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Maids cannot be denied entry at ‘elite’ clubs in Pakistan

Wednesday, February 6, 2019

According to the Labour Force Survey 2014-15, there are 0.464 million domestic workers in the country. Of these, 0.1 million are live-in domestic workers while 0.364 million are either day based or task specific.

LAHORE: Now on, domestic workers, especially maids, will not be denied entry at elite leisure clubs along with their employer’s family in Pakistan as Prime Minister Imran Khan has lifted a ban on the same. 

The announcement was made by Minister of State for Interior Shehryar Afridi on twitter.

Afridi, @ShehryarAfridi1, tweeted: “Symbols of elitism and colonial mind-set will be removed. PMIK has ordered to remove the ban on entry of maids/servants in elite clubs i.e. starting from Isb [Islamabad] club. Rather we should have been thankful to them for carrying our weights. Abolish boundaries made in name of wealth, colour etc.”

Domestic work is part of the huge informal sector (around 73% of total Pakistani economy, as indicated by official sources) and thus the existing labor laws are not applicable to this sector.

There are no clear estimates of the total number of domestic workers in the country, however, according to a study, every fourth household in the country hires domestic worker and majority of these workers is females (especially children). Moreover, according to an ILO Study, around 4-10% of total employment in developing countries is in the domestic work sector.

Prior to the decision, signboards restricting maids’ and other domestic helpers’ entry could be seen at the gates of ‘elite’ leisure clubs.

Khan passed the order while chairing a meeting on the Generalized System of Preferences (GSP) Plus status of Pakistan, according to The News International, an English language newspaper in Pakistan.

During the meeting, the premier also directed authorities concerned to eradicate bonded labour in Pakistan and urged that children from low income backgrounds must be educated, according to Dawn, an English daily in the country.

Recently domestic workers’ rights in Pakistan have been a topic of concern. This month, a 16-year-old house maid was brutally abused and murdered by her employers in Lahore, which led to an outcry on social media. Subsequently, #JusticeForUzma trended on Twitter.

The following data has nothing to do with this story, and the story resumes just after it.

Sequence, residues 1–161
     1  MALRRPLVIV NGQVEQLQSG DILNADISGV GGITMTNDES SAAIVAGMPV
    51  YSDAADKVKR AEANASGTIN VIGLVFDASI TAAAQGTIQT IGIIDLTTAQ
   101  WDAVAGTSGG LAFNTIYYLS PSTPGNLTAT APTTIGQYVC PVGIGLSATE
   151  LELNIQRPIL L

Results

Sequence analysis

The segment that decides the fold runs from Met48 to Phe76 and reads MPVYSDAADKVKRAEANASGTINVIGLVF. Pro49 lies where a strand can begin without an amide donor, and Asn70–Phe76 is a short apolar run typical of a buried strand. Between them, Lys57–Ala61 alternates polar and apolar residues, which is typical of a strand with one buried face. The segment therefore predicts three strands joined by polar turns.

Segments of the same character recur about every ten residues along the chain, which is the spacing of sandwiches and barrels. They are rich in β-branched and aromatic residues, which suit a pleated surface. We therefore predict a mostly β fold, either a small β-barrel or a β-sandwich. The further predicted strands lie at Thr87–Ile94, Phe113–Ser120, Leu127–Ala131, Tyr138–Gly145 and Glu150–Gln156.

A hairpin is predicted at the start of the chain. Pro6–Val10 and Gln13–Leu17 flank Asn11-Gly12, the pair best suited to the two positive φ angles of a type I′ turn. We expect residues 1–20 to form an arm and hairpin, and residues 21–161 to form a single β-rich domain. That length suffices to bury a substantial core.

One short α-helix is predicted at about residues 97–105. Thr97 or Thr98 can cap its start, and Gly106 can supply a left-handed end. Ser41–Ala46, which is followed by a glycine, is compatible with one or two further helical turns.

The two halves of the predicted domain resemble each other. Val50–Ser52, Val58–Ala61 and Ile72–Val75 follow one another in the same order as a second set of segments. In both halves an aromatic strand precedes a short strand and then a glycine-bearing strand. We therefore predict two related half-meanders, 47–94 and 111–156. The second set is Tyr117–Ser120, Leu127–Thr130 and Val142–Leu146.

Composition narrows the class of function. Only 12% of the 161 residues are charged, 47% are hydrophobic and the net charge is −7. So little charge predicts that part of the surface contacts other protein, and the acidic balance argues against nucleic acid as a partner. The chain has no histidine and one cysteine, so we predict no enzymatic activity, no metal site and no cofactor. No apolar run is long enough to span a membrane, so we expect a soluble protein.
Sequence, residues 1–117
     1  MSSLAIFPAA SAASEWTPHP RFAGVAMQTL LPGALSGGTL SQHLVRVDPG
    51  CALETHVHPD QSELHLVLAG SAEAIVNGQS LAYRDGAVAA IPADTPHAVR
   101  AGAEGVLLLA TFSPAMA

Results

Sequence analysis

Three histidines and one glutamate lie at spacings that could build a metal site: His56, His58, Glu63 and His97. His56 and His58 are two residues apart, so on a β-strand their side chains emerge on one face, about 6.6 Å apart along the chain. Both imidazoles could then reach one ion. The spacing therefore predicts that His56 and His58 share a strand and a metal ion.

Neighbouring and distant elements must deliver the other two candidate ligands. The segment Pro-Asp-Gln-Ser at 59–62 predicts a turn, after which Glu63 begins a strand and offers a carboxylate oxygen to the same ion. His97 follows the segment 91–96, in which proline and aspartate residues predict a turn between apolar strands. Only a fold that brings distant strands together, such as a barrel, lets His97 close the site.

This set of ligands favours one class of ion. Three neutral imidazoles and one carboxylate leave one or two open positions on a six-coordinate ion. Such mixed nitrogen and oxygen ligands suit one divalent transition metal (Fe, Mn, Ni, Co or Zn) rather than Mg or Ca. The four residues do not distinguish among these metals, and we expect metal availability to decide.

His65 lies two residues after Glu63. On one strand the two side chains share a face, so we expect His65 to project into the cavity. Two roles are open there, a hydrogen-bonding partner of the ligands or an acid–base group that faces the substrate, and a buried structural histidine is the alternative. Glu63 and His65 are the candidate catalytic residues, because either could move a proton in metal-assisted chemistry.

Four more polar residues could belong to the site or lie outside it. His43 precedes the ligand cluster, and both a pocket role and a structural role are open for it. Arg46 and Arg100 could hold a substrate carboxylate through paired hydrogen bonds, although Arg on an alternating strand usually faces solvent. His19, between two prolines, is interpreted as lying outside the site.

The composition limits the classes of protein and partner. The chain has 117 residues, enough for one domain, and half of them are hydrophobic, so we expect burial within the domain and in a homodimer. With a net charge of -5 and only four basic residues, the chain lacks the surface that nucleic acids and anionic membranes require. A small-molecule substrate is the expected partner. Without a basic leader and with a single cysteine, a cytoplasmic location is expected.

However, this was not an isolated case. Over the years, a number of abuse cases involving domestic workers have surfaced in the country.

Domestic work employs a large part of female workers. The two most common types are child domestic labor and bonded/forced labor. Child domestic labor is when a child (under the age of 14 years) is employed to perform a work in household. 

According to an ILO study (2004), there are 264,000 child domestic workers in Pakistan. Most of these children are employed as bonded/forced laborers working under the debt bondage. These children or women are working to pay off the debt accrued by their parents or family members.

Broadly, they can be divided in two main groups: live-in and live-out (day based and task specific). According to the Labour Force Survey 2014-15, there are 0.464 million domestic workers in the country. Of these, 0.1 million are live-in domestic workers while 0.364 million are either day based or task specific.

As per ILO considerations, this type of domestic work, where a child is working under debt bondage, working for long hours, during the night and is unreasonably confined to the premises of an employer, is the worst form of child labor.

The labor laws mention domestic workers only twice. The Provincial Employees Social Security Ordinance 1965 (applicable in Balochistan, ICT, Khyber Pakhtunkhwa and Punjab) requires an employer to provide health care (including maternity care) to the full time domestic workers (Section 55-A). Similar provision is also found in  Sindh Employees’ Social Security Act 2016 (section 59).  The Minimum Wages Ordinance of 1961 (applicable in Balochistan, ICT, and Punjab) also includes domestic workers in the definition of workers however government has not notified the minimum wages as applicable to these workers under this law. No such provision is found in the Khyber Pakhtunkhwa Minimum Wages Act 2013 and Sindh Minimum Wages Act 2015. 

The first bill on domestic workers – Domestic Workers (Employment Rights) Act 2013 – in order to bring them under the jurisdiction of labour laws, was drafted and presented in Senate in 2013. It was again submitted in 2015 and has been passed by the Senate in 2017. The Bill is now under discussion by the relevant National Assembly Committee. The Bill aims to protect the rights of the domestic workers, to regulate their employment and conditions of service and to provide them social security, safety, health facility and welfare. It provides domestic workers with all those rights available to other formal sector workers and creates a special domestic workers welfare fund. 

Punjab has already announced a domestic workers policy in 2015 which provides for establishment of a Domestic Workers Registration Authority to register worker however no such authority has been constituted yet. 

According to this law, domestic servant is “any person working whole-time in connection with the work of any household for any consideration, whether in cash or in kind”.

This law requires an employer, employing a domestic worker, to provide his domestic servant with full medical care at his own cost. However, there is no mechanism provided in this law to check as to whether an employer is following this requirement or not.